A majority of undergraduate students voted in favor of an increase to the student activity fee, which would start fall 2014. All undergraduate students must pay this fee every semester. On the ballot, the referendum proposed raising the fee from $30 a semester to $100. The students’ vote serves as a recommendation for the administrative council, which ultimately decides whether to raise the fee.
The fee has previously funded Campus Activities and the Multicultural Center of International Students (MCISA). If an increase was passed the fee would also partially fund Student Government Association. If passed the referendum would potentially allow for more funds for programs and events on campus.
Graduate Assistant for Student Activities Bill Boxdorfer said in the past, Campus Activities’ portion of the activity fee has been used for events like the homecoming carnival and Spring Fest showcases. Graduating in May, Boxdorfer hopes the new activity fee will allow Campus Activities to have more frequent programming in the future.
“Instead of having an event every other week, have an event each week for the entire academic year and allow more larger-scale opportunity type programming for students,” Boxdorfer said.
Director of Student Activities and SGA Adviser Jennifer Stewart said the fee accounts for roughly 2,000 to 2,100 students,.Stewart estimated the fee pooled in about $60,000 a semester, or $120,000 a year. As of now, Campus Activities and MCISA are each allotted about $30,000 a semester.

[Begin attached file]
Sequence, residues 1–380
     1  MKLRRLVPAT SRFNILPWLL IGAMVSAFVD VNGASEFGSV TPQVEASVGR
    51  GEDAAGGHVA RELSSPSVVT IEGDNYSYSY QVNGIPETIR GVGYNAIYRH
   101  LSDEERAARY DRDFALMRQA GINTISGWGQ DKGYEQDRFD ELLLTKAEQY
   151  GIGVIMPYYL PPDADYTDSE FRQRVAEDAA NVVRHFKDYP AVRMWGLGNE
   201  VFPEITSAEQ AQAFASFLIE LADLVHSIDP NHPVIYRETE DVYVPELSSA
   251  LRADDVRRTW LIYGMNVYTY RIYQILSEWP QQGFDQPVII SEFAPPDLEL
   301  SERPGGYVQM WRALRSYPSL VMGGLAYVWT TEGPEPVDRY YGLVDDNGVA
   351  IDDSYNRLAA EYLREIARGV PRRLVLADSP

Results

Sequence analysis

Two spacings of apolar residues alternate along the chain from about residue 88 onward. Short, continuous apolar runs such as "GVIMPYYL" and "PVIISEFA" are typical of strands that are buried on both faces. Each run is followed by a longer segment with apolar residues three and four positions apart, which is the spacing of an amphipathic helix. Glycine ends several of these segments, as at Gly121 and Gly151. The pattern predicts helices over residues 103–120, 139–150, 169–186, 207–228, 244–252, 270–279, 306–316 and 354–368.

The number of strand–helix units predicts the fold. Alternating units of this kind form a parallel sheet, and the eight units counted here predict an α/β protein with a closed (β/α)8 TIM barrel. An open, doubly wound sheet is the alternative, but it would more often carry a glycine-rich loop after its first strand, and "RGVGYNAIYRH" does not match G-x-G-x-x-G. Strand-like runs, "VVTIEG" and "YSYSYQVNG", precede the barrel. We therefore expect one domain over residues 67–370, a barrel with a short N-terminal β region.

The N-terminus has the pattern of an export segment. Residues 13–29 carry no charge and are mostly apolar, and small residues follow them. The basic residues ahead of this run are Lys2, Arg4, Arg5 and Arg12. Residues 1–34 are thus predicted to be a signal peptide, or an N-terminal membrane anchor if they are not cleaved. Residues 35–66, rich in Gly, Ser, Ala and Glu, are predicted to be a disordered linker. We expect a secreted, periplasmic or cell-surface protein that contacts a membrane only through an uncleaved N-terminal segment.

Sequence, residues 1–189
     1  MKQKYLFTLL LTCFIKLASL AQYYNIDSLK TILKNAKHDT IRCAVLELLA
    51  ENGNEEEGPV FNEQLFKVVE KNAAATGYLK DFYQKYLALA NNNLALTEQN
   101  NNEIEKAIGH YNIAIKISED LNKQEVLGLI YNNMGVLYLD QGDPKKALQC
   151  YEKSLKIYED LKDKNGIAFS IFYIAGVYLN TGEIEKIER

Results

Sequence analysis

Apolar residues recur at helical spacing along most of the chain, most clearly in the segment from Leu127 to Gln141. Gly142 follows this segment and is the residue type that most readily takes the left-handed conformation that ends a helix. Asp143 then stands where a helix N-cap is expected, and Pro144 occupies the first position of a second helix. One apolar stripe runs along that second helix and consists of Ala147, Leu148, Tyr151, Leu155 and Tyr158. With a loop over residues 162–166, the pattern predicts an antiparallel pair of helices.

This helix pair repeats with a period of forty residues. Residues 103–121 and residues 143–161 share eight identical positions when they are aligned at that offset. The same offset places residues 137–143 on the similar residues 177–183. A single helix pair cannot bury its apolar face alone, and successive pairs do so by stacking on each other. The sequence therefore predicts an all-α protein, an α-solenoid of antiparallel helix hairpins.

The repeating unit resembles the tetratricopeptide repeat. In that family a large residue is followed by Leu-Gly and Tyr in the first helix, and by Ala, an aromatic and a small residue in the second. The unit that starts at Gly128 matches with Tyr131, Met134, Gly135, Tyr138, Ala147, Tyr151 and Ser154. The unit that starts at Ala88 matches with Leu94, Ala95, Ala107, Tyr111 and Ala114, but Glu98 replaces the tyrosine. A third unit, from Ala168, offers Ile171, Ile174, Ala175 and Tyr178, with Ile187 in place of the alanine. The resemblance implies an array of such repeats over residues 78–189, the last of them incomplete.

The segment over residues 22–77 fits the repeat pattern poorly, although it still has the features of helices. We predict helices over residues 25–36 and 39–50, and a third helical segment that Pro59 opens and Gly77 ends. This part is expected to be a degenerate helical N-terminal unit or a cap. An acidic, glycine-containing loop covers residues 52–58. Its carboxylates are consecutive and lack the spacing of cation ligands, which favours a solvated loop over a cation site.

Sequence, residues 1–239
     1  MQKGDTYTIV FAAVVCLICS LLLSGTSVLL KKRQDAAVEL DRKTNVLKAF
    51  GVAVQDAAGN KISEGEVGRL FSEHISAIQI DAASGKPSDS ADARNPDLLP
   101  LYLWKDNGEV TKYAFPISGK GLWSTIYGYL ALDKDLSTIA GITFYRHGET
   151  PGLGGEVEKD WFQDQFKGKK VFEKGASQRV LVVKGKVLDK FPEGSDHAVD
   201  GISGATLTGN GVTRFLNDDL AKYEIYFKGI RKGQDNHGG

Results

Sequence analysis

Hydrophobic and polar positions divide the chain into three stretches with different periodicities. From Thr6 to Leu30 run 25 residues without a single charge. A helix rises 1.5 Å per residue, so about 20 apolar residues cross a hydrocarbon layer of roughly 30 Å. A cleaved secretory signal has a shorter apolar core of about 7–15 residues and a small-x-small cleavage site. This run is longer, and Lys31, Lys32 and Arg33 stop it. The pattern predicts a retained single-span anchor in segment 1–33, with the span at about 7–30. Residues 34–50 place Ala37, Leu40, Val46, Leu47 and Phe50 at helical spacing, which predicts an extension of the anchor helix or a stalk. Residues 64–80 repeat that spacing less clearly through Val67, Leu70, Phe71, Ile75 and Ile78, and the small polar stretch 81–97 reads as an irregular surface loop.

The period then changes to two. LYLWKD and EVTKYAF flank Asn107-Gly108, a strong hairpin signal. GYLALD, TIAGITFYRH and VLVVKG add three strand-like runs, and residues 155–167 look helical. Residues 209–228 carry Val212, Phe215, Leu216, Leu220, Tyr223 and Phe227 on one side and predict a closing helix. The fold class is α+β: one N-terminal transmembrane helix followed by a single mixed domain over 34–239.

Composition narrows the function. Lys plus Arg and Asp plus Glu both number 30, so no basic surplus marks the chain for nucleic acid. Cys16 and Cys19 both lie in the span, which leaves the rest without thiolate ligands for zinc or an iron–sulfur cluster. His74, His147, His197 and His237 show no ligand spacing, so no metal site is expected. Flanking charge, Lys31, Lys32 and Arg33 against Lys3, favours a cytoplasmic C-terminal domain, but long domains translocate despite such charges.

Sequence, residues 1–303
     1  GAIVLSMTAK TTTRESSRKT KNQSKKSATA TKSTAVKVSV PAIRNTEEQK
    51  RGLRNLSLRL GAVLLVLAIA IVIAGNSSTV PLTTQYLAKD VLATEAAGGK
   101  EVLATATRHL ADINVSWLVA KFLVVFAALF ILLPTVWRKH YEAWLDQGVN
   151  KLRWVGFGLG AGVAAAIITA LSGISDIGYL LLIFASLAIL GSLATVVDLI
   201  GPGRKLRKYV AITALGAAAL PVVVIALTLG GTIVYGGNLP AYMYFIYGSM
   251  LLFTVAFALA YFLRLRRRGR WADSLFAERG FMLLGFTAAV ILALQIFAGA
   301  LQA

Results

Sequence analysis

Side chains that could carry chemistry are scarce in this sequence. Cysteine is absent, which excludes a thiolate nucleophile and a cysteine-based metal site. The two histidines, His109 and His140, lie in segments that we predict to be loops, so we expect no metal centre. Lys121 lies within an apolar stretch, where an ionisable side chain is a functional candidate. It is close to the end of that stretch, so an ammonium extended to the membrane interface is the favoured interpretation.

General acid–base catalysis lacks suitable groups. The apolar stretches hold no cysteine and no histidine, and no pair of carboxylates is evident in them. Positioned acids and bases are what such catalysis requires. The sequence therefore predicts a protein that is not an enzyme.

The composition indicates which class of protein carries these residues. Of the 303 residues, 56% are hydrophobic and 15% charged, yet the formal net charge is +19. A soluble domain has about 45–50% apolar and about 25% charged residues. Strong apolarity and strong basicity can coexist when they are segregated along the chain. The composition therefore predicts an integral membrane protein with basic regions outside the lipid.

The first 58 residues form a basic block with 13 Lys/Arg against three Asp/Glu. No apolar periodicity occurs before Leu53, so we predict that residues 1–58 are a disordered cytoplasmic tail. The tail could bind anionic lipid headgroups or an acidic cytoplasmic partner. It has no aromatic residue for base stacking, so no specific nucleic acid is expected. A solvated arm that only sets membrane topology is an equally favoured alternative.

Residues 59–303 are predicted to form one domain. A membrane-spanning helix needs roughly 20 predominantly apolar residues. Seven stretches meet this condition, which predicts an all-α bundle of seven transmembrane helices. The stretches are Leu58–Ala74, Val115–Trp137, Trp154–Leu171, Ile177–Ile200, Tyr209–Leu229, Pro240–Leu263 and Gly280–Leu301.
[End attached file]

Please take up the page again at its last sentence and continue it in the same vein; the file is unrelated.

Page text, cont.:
Stewart said if each student is charged the proposed $100 to their tuition and fees, it will bring the pool to $200,000 a semester, or $400,000 a year. If that fee is approved by the administrative council, SGA will be added to the allowance and the money will be split three ways.
Stewart said the money will be distributed between the three organizations based on what each group estimates they will need for the year. After going through a request process with the dean of students office and an allocation board, the money will be divided accordingly. Stewart said SGA cannot start planning how they will use the extra money until they know if the fee has passed.
“Money could very easily be translated into increased amounts in the programming pool or student grant funding,” Stewart said.
Stewart said constitutional changes would have to be made before SGA could hand out more money to student organizations. Stewart said in the coming fall, they would immediately be able to provide more funding for programming pool and student grant funding because there “isn’t a constitutional guideline for how much money goes to those.”
Stewart submitted a report of the voting results to Assistant Provost for Student Affairs and Athletics Paul Carney to forward to the administrative council. Stewart said the report included the formal ballot said, the final voter numbers, the marketing methods and all the tactics used for voter education.